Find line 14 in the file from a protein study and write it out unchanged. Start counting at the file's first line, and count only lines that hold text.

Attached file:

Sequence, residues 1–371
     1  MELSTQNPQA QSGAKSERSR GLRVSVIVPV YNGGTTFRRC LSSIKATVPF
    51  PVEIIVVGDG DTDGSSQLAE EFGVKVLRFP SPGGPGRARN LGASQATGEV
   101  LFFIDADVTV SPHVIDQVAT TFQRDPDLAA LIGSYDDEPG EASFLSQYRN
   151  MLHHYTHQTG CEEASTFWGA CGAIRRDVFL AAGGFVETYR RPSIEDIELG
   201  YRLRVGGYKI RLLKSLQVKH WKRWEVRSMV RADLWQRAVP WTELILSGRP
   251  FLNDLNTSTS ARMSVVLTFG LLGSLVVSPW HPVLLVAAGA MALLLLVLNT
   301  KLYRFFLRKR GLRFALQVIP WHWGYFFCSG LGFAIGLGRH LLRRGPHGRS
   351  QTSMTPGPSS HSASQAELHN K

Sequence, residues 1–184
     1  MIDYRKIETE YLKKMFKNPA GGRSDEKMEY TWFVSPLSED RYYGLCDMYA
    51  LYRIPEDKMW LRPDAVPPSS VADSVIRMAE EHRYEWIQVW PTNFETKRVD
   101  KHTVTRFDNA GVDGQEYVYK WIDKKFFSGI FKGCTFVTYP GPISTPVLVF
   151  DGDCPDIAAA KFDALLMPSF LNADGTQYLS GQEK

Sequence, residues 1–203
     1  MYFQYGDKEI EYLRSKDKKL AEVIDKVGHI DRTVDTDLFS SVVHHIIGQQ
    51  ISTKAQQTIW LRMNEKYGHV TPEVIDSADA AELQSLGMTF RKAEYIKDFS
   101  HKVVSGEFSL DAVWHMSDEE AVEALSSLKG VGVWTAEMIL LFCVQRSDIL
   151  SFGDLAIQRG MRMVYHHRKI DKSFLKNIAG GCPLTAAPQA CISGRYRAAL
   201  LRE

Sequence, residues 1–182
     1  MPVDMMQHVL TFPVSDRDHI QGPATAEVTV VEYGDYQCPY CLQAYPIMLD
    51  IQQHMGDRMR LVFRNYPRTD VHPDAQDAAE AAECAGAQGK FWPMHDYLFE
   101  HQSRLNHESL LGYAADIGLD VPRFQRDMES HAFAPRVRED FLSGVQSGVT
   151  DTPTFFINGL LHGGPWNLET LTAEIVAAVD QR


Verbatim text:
   151  DGDCPDIAAA KFDALLMPSF LNADGTQYLS GQEK